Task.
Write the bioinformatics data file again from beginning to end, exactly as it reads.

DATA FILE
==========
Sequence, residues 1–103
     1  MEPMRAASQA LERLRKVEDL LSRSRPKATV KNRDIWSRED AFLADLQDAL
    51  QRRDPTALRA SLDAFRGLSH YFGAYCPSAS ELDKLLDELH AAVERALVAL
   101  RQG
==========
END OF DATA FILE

Sequence, residues 1–103
     1  MEPMRAASQA LERLRKVEDL LSRSRPKATV KNRDIWSRED AFLADLQDAL
    51  QRRDPTALRA SLDAFRGLSH YFGAYCPSAS ELDKLLDELH AAVERALVAL
   101  RQG